In which the TARDIS breaks down in deep space - and the Doctor does not appear to be in too much of a hurry to fix things. In fact, he seems quite resigned to his fate, living out the remainder of his regenerations aboard the ship. It is Peri who takes the initiative, fetching the ship's manual so that they can identify the problem. A mineral called Zeiton 7 is required, and they have just enough power to make it to the planet of Varos - the only known source.
Varos is currently playing host to Sil, the representative of the Galatron Mining Corporation. This repellent slug-like amphibian is determined to procure Zeiton 7 supplies for a fraction of their true worth. The planet was once a penal colony. The elite are the descendants of the guards, whilst the bulk of the population labour in the mines. The population is kept under control by a constant diet of televised horror - torture and executions. Currently in the Punishment Dome is a young man named Jondar. He tried to publicise the luxurious lifestyle of the elite. He is being tortured by intermittent laser pulses, prior to his public execution. Sil learns that these punishments are marketed and sold for entertainment on other worlds - something he would like to further exploit. He is in league with the planet's Chief Officer against the Governor.
The Governor wants a better price for the Zeiton 7, but the Chief is in Sil's pay and works to undermine him. Periodically, the Governor must go to the polls, so that the population can vote on his plans. If he loses a vote, his body is bombarded by harmful radiation. The laser which is punishing Jondar is set to deliver a deadly random pulse that will disintegrate him. Whilst the death will be quick, there will be considerable tension as the moment when it fires will be unknown. A guard named Maldak is left to supervise things. The Dome can cause hallucinations, so he thinks his helmet's protection has failed when he sees a large blue box materialise in the chamber. The Doctor and Peri free Jondar, and another guard who arrives is disintegrated by the laser instead. Jondar's wife, Areta, and a guard friendly to the couple appear. They show them a way out of the Dome. However, all of this has been witnessed by the Governor, the Chief and Sil, and the guards are sent to capture them all. The guards are the least of their worries, however, as the Dome is full of lethal traps. All of this is also being watched by citizens such as Arak and Etta. One by one the fugitives are captured, until only the Doctor is left in the Dome. He enters an area where he appears to die of heat stroke brought on by a hallucination.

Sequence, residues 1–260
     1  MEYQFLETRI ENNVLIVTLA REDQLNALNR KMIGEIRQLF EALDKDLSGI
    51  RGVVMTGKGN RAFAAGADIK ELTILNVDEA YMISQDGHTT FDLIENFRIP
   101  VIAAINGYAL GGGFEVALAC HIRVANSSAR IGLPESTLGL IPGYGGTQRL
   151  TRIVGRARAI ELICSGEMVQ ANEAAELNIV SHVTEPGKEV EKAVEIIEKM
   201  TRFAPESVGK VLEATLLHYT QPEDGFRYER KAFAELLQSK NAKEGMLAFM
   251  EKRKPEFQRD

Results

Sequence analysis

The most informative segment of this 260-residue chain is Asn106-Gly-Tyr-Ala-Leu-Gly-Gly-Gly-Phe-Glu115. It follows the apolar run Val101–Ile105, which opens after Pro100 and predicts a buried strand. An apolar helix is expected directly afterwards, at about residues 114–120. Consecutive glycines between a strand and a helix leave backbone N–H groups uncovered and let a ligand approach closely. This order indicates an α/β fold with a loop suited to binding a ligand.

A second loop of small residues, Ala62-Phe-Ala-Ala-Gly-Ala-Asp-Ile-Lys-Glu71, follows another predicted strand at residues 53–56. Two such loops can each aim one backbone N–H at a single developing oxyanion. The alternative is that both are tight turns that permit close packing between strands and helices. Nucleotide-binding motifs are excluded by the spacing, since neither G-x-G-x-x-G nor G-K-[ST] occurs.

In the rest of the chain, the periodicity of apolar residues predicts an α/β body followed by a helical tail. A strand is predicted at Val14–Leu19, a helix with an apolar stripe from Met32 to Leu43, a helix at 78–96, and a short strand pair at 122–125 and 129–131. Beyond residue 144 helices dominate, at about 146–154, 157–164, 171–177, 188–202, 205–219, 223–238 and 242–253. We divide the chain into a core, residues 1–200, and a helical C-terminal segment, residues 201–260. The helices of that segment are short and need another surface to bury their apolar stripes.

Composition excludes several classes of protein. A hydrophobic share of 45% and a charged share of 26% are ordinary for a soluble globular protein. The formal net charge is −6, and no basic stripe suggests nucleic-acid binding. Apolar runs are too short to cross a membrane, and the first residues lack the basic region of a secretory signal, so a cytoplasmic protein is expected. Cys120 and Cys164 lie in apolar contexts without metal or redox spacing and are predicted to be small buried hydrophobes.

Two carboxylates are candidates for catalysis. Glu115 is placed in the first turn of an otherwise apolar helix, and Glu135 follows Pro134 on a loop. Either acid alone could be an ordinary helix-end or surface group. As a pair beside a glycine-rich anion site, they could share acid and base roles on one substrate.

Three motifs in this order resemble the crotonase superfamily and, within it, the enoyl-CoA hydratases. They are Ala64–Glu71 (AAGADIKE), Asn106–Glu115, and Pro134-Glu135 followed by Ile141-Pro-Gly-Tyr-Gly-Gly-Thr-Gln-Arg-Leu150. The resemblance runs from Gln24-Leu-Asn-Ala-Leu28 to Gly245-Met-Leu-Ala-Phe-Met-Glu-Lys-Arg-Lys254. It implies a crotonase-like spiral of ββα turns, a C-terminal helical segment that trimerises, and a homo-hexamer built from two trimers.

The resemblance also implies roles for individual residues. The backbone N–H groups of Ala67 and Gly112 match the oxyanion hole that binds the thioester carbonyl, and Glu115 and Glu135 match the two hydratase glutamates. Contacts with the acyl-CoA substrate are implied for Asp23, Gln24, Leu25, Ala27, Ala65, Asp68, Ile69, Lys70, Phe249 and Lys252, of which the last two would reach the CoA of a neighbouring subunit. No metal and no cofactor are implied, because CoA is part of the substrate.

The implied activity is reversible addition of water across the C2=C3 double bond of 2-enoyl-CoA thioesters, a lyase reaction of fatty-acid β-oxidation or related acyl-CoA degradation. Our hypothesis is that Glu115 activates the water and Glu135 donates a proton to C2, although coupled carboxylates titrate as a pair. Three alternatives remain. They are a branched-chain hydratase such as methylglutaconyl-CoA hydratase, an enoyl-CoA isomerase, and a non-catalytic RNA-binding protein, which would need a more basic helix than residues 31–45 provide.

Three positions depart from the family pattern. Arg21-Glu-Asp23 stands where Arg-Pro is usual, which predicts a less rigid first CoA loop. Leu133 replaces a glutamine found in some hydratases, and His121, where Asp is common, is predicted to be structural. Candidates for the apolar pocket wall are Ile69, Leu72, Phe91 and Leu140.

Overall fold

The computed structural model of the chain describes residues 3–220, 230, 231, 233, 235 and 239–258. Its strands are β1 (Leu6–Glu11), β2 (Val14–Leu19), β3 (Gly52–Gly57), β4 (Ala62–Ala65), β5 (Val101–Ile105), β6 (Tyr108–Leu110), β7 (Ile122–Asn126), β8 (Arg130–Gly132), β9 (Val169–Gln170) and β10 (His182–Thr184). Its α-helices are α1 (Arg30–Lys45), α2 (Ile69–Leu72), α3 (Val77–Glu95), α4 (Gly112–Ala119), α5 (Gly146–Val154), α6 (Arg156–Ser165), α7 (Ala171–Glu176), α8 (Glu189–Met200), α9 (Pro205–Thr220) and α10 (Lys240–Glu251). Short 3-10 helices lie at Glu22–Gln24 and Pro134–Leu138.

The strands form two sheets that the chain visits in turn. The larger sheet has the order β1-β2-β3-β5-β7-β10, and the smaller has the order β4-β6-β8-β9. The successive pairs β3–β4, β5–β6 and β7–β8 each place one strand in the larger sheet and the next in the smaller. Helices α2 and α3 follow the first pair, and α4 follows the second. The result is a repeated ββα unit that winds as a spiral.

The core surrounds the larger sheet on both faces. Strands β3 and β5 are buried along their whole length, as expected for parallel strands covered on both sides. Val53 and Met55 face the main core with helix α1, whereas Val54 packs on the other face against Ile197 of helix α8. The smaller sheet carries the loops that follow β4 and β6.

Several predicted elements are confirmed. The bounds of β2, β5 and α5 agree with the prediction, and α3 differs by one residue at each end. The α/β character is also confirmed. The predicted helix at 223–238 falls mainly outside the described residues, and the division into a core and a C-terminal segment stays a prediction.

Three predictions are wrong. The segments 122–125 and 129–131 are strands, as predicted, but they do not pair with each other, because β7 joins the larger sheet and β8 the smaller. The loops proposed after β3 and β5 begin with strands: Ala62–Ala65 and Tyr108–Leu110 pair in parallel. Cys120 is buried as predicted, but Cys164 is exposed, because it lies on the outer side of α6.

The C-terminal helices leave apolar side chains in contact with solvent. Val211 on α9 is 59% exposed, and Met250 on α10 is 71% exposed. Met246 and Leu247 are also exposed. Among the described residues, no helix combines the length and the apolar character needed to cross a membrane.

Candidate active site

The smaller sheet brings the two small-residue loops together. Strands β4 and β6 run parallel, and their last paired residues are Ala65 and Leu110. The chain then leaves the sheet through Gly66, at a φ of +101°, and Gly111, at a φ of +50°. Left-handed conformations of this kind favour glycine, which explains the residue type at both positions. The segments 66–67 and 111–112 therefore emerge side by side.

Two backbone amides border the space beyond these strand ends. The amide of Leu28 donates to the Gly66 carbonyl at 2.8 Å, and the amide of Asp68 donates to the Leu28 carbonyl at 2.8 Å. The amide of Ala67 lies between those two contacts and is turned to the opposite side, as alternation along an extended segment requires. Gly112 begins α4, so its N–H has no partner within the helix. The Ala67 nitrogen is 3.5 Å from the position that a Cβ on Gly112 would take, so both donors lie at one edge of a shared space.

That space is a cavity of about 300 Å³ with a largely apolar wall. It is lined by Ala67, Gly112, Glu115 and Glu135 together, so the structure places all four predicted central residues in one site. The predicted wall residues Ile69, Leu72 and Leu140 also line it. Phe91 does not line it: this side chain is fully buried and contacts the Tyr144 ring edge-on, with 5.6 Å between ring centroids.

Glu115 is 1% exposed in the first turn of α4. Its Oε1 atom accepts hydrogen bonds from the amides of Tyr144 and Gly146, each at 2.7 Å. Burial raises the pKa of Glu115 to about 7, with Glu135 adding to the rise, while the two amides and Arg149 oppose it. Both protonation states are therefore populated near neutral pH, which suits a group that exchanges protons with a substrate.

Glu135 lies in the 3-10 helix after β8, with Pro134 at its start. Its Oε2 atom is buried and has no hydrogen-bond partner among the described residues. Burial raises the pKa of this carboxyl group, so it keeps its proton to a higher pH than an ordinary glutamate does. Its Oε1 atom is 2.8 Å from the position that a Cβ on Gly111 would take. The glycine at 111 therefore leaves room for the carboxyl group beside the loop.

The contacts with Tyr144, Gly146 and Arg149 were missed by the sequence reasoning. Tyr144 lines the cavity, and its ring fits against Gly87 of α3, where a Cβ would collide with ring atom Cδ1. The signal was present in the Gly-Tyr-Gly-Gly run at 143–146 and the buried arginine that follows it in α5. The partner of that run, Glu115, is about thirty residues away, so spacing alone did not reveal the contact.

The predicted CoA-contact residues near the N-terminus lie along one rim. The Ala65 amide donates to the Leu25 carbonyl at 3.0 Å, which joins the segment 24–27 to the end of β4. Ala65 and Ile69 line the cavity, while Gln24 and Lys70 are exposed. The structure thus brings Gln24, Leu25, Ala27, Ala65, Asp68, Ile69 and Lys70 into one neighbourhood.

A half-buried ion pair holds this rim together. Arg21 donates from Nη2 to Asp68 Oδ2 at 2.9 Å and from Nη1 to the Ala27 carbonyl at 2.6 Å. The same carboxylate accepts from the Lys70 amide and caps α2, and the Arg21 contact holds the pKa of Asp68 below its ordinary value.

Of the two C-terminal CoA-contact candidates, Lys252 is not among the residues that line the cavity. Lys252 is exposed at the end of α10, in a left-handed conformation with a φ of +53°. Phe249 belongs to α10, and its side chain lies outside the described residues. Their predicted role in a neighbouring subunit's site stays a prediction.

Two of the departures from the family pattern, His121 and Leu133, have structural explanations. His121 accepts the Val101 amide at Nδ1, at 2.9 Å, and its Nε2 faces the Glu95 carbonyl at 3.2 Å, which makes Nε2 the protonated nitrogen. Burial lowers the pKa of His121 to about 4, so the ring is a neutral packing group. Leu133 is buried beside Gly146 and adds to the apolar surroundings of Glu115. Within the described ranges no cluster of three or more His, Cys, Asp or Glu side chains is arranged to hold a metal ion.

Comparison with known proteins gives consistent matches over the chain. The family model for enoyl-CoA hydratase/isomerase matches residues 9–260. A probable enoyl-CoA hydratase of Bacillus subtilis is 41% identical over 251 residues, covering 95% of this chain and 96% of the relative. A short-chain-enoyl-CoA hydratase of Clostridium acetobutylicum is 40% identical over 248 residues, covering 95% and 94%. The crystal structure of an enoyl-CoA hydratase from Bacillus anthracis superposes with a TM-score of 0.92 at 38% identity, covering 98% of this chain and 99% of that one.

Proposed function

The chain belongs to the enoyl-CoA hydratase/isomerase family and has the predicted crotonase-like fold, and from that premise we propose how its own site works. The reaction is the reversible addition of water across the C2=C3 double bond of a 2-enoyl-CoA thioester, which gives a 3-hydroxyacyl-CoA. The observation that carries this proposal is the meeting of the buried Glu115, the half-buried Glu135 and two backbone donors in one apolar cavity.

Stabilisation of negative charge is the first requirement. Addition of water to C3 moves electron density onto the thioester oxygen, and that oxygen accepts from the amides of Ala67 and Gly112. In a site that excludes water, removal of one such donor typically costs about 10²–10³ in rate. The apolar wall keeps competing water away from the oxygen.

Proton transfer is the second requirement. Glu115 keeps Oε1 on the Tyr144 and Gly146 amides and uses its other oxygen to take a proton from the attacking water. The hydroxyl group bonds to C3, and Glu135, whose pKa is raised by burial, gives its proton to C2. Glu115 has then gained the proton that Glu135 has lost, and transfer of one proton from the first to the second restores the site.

He comes to just before his "corpse" gets dumped into an acid vat, and sets off to rescue the others. The scientist Quillam, who devises many of the torments, uses Peri and Areta in an experiment where they transform into animals which reflect their personalities. The Doctor frees Jondar and they manage to halt the process before it becomes permanent. The Doctor and Jondar are recaptured and find themselves about to be hanged. However, the Governor has started to listen to the Doctor and realises that his people are being cheated. The Doctor and his friends flee once more into the tunnels, but Peri is recaptured. Sil and the Chief force the Governor to endure another vote - and Peri will join him. Maldak is left to guard them, and the Governor starts to convince him that he will probably be made next Governor and will face the same fate. Maldak frees them before the radiation builds up. The Doctor, Jondar and Areta are in the tunnels, pursued by Quillam and the Chief. They set a trap of their own and their pursuers are killed by lethal stinging vines. Sil is about to launch an invasion of Varos when it is announced that Zeiton 7 has been found on another planet - so he must negotiate whatever price the Varosians want. The Governor plans wider reforms. Arak and Etta see their TVs go blank for the first time in their lives.
This two part adventure was written by Philip Martin, and was broadcast between 19th and 26th January, 1985.
It introduces the Sixth Doctor's signature villain Sil - played by Nabil Shaban. It also sees the final (to date) appearance by Martin Jarvis (the Governor). He had first appeared, under Menoptra make-up, way back in The Web Planet - although he has contributed to a BBC Radio 4 Extra Torchwood episode.
The obvious inspiration for the story is the controversy over "Video Nasties" and the general (mis) conception that TV was too violent. Ironically, the very themes explored in this story would be used against the show at the season's close.